In our experience, scotch whisky has long been the domain of men, with most of the women we know wrinkling their noses and opting for something that's not such a chore for them to drink. That's why it's refreshing to see this book, The Smart Guide to Single Malt Scotch Whisky, appear from author Elizabeth Riley Bell. Not only is she one of the first Americans to take a poke at making single malt scotch accessible, she's also one of the first women (though you probably figured that out by our use of the feminine pronoun).
According to our brothers from another mother at CocktailGoGo, Bell has "...been to over 100 distilleries over 25 summers to put together this compendium of Scotch knowledge." That's a lot of knowledge, and we're excited to check out her book.
The folks over at Topless Robot have gotten their hands on a bottle of Highland Park whisky called "Thor." They mention that it feels like a pretty obvious cash-in on the popularity of The Avengers, but we're big enough geeks that we find ourselves secretly hoping it's a reference to Starcraft's Thors. Maybe that's just because we like to picture ourselves piloting a giant mech while cradling a bottle of scotch.
The smell is smooth, earthy and sweet. The taste is likewise smooth, but with smoky hints of vanilla, a touch of honey, and a soft peatiness -- but it's still powerful, with a strong, clear finish with just enough spiciness that one might be tempted to liken to a powerful blow from Mjolnir if one were so inclined. If you think I'm ashamed for writing that, you're wrong -- because that's seriously the image that comes into my head when I drink it.
You had us at Mjolnir - though at $200 bucks a bottle we might have to do a little pillaging to afford a bottle. Read the full review at Topless Robot; if you've got enough plunder, buy your bottle right from Highland Park.
We like to think of Whiskypedia as a Wikipedia for whisky, but with way less useless facts. Not that we mind learning about how the plumed whistling duck crops vegetation instead of diving, or where the World Snail Racing Championships were held. We'd just much rather learn about whisky.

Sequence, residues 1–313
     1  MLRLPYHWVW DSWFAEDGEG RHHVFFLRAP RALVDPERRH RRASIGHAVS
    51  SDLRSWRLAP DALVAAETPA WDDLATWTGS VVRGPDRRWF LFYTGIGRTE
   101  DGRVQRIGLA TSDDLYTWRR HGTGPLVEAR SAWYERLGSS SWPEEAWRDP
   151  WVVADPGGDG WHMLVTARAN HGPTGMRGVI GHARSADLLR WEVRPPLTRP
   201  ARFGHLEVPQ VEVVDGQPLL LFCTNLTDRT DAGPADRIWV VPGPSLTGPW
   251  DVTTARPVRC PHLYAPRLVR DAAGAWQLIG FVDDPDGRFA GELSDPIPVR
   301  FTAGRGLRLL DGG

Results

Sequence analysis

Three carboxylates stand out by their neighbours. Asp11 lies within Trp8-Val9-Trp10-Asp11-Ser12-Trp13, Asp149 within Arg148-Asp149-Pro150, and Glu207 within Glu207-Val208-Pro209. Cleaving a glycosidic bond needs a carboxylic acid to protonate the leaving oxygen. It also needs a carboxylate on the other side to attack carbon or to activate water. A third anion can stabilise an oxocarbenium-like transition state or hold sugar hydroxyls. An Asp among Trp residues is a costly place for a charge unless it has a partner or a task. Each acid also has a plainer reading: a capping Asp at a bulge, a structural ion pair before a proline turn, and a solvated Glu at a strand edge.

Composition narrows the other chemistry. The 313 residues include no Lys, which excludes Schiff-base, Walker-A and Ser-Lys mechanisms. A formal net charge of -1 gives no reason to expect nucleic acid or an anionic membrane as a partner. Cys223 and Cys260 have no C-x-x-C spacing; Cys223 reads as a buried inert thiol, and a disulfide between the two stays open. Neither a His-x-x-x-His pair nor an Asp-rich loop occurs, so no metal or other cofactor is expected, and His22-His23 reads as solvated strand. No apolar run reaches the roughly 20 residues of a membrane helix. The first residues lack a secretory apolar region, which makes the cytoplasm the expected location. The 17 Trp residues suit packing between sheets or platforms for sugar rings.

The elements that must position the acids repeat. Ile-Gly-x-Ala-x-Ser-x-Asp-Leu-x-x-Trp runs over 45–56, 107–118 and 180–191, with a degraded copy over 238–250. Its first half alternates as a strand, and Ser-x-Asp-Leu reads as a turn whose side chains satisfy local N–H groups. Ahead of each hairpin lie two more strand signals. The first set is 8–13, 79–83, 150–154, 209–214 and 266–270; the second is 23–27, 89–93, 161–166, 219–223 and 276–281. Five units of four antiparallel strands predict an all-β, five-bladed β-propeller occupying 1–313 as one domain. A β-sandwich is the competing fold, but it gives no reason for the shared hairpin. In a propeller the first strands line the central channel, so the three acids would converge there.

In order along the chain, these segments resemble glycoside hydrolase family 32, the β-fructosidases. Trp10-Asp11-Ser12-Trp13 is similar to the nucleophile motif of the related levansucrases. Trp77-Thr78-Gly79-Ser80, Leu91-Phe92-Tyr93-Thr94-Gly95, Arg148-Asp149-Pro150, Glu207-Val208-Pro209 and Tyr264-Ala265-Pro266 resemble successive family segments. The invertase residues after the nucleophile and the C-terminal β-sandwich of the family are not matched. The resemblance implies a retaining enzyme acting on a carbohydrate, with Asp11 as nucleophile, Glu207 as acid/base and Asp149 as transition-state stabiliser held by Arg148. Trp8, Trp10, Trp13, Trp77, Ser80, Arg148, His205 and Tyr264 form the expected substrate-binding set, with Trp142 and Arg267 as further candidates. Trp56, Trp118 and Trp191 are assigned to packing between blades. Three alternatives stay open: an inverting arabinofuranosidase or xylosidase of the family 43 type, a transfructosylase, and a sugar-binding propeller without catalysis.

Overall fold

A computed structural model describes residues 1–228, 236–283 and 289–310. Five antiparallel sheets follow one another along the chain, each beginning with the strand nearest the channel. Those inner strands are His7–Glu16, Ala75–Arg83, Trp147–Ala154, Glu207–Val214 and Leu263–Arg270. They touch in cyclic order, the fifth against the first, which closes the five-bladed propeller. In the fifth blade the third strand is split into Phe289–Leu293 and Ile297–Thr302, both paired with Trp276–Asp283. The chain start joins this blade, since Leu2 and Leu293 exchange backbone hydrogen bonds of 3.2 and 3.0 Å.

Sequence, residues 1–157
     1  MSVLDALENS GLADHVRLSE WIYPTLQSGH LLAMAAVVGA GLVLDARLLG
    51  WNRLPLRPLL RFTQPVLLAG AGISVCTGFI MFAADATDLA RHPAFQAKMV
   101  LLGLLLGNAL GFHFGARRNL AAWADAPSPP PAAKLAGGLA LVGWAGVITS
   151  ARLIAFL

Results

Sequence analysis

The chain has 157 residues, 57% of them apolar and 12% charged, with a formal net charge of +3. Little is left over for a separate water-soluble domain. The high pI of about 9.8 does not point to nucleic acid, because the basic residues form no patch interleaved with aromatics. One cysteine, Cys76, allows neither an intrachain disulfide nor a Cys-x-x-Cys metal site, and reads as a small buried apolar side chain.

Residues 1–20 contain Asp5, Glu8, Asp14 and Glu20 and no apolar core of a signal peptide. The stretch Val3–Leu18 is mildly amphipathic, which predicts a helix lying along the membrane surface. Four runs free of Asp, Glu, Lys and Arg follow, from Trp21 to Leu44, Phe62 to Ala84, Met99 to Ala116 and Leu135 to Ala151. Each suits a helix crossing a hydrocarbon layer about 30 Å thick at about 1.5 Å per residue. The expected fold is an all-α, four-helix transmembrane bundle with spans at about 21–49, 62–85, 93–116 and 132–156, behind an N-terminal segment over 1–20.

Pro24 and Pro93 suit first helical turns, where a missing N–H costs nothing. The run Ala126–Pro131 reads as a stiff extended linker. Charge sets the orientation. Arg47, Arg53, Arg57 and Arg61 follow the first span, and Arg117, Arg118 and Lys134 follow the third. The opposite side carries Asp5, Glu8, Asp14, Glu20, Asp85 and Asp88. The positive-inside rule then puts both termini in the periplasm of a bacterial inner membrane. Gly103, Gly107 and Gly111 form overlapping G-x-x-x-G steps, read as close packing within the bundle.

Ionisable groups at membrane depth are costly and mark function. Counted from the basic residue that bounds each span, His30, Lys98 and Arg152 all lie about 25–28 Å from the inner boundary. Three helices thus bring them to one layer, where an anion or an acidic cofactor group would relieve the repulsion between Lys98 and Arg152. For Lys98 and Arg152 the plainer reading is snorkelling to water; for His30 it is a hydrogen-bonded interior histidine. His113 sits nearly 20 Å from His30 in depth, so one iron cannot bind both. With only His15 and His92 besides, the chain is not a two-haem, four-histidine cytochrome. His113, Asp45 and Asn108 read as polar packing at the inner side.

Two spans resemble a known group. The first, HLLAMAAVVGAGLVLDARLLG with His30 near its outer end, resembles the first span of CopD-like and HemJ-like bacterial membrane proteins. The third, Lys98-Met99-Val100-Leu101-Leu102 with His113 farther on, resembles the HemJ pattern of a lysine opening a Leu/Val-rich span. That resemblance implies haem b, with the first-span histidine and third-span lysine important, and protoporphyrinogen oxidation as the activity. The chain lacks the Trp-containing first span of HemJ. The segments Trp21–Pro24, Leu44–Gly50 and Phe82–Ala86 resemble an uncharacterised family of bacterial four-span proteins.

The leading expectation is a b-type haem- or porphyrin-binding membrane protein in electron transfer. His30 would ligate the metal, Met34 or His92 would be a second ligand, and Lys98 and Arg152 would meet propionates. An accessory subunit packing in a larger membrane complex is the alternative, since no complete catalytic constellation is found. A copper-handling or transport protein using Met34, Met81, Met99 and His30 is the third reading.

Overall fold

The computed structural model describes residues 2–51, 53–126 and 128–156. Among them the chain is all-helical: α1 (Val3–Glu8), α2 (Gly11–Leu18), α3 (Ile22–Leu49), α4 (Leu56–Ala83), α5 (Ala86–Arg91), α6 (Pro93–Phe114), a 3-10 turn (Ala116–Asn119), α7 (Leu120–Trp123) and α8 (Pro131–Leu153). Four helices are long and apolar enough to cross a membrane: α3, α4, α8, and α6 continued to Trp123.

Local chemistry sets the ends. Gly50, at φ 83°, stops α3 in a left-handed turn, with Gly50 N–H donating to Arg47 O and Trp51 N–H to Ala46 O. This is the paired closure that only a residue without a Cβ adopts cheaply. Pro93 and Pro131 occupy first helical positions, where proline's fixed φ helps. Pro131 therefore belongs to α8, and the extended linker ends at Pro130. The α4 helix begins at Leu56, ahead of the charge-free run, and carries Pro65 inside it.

...the heart of these entries lies in the "historical notes" and "curiosities," where the author's research and enthusiasm are clearly evident. Buyers and collectors will find the list of "expressions" (commonly available bottlings) useful, while many users will jump straight to the informed, richly descriptive tasting notes (Dalmore smells "rich and sherried, with sweet malt, fruit cake, orange peel and marzipan.")
Do you remember those old Sally Struthers commercials for ICS? Y'know, "Do you want to make more money? Sure, we all do." That's how we feel about whisky...sure, we all want to know more about it. That's why we're so excited about the announcement of The Balvenie Whisky Academy, which we heard about from What Does John Know?.
Learn more about the program at his site, but here's a rundown of the modules...they had us at "whisky nitty gritty":
Module 1 - 'The History of Scotch Malt Whisky'
Experts featured: Charles MacLean and Sukhinder Singh of The Whisky Exchange
Module 2 - 'Production of Scotch Malt Whisky'
Experts featured: Richard Lake from Crisp Maltings Group, Marie Stanton, Stuart Watts and David Stewart from The Balvenie, Ian Grant from Glenfiddich and Leslie Gracie from William Grant & Sons